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Pierre Dreyfus, Prof. Alexander Pekelis Killed in Airplane Crash En Route to U.S.

December 30, 1946
See Original Daily Bulletin From This Date

Pierre Dreyfus, prominent French-Jewish leader, and Prof. Alexander H. Pekelis, member of the American Zionist Emergency Council and one of the leaders of the World Jewish Congress and of the Zionist Laborites in the United States, were killed yesterday in the crash and explosion of a Paris-New York Constellation at Shannon Airport, Eire. Dr. David Tannenbaum, director of the Palestine Economic Bureau of the Zionist Organization of America, who was also on board, was among the injured.

Dreyfus, who was 55 years old, was the son of Capt. Alfred Dreyfus whose conviction on charges of treason–which was subsequently reversed–shook political circles throughout France during the latter part of the last century. Although a member of the Legion of Honor and a veteran of both World Wars who was decorated by Marshal Petain in 1916, he was forced to flee France to the United States in June 1942 because of the Vichy Government’s anti-Jewish laws. During the remainder of the war he lived in this country lecturing and writing.

Dreyfus took a particular interest in ORT work. Beside serving as head of the French ORT, he was also a member of the central board of the World Ort Union and a member of its executive committee. He was also a member of the executive of the American OSE, Jewish health society, and of the French OSE and was vice-president of the American Friends of the Alliance Israelite and a member of the central committee of the Alliance in Paris. Dreyfus was returning to the United States following an inspection tour of Jewish orphanages in France and was due to make a report to the American OSE which had sent him on the mission. He had also conferred on Alliance matters while in Paris.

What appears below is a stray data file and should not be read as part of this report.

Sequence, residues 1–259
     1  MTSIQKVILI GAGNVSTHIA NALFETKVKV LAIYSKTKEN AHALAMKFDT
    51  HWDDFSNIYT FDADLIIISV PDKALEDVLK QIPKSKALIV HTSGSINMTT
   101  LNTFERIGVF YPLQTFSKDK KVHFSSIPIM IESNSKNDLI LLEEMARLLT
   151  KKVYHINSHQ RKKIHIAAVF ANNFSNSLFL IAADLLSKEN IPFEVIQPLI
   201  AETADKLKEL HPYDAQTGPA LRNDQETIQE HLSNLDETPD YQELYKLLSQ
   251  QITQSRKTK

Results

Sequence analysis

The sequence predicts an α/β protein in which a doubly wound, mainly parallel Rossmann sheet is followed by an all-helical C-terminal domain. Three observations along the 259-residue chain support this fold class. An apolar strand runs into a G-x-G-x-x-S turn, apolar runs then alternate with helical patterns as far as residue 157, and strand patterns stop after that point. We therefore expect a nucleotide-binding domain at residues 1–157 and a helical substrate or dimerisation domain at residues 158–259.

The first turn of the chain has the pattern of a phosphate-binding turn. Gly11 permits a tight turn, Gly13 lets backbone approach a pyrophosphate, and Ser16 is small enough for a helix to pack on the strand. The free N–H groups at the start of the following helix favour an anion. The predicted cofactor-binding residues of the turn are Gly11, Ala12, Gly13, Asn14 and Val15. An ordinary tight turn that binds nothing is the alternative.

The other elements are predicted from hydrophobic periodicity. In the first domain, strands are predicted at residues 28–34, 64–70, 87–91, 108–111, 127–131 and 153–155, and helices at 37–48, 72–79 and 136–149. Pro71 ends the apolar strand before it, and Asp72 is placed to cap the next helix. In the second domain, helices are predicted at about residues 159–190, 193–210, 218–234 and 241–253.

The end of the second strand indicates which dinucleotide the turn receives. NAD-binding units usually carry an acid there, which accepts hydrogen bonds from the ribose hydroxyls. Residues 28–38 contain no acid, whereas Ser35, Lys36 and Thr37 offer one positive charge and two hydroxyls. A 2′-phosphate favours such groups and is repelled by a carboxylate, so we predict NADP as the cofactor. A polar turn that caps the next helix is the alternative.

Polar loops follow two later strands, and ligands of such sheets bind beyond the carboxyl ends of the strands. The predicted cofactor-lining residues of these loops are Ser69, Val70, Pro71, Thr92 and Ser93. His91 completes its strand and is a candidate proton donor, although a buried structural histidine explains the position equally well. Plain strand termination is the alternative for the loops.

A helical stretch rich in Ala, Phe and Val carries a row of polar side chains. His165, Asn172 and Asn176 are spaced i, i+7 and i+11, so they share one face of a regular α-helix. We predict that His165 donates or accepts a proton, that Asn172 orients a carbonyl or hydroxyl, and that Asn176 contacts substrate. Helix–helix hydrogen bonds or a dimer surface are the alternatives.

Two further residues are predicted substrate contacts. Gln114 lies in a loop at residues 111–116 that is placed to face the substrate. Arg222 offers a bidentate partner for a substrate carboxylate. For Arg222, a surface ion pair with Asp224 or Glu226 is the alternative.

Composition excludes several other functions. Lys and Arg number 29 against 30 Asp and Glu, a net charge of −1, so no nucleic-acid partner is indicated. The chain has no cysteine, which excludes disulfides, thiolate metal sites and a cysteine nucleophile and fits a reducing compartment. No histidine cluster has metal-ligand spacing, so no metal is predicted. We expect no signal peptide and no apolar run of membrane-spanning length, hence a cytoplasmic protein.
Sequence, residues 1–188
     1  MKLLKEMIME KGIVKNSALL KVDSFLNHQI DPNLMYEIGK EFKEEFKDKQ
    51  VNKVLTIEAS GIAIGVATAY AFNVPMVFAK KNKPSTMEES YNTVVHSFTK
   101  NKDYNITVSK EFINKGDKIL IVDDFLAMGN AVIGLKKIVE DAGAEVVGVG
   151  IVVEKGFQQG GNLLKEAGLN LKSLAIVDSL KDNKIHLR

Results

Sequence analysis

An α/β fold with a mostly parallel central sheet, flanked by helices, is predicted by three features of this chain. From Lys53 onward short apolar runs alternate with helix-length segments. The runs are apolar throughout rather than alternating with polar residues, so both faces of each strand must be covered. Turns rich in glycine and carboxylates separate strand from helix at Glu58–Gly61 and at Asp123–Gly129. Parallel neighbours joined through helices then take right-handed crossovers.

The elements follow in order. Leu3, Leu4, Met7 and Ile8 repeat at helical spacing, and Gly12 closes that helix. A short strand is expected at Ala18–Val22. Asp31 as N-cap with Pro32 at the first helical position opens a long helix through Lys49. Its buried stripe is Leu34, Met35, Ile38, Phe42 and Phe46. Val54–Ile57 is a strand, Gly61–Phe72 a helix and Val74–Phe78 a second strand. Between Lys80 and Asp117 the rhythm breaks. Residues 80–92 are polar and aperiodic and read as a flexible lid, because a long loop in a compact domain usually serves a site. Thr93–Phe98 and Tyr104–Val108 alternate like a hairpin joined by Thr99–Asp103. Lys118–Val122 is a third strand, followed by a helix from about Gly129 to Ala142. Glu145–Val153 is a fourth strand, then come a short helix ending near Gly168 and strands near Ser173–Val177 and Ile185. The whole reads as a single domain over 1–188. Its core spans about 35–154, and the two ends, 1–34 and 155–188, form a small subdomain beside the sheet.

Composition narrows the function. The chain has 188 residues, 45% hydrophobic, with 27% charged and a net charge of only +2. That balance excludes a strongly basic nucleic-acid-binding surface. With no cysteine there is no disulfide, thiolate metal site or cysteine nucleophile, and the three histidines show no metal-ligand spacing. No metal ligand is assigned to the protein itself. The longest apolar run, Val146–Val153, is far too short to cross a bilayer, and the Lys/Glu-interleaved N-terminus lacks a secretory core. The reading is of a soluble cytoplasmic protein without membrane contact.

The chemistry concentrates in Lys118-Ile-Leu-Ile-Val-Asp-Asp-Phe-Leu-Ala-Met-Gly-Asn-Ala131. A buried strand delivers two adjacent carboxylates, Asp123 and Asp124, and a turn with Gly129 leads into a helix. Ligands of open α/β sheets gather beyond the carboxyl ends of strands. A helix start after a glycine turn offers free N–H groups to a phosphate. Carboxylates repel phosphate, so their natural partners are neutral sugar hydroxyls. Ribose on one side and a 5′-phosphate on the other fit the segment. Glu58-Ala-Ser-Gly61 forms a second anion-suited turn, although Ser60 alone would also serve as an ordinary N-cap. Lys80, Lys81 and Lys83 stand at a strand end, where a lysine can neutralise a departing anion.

Dr. Pekelis, chief consultant to the Commission on Law and Social Action of the American Jewish Congress and Associate Professor of Sociology at the Graduate Faculty of Political and Social Science of the New School for Social Research, was returning from the World Zionist Congress in Basle. He was born in Odessa forty-four years ago. He studied and lectured in the Universities of Leipzig, Vienna, Florence and Paris and, after coming to this country in 1941, at Columbia University. He was elected editor-in-chief of the Columbia Law Review for 1942-43, the first foreign born person to hold that post. He had served as chairman of the European Council of the World Jewish Congress.

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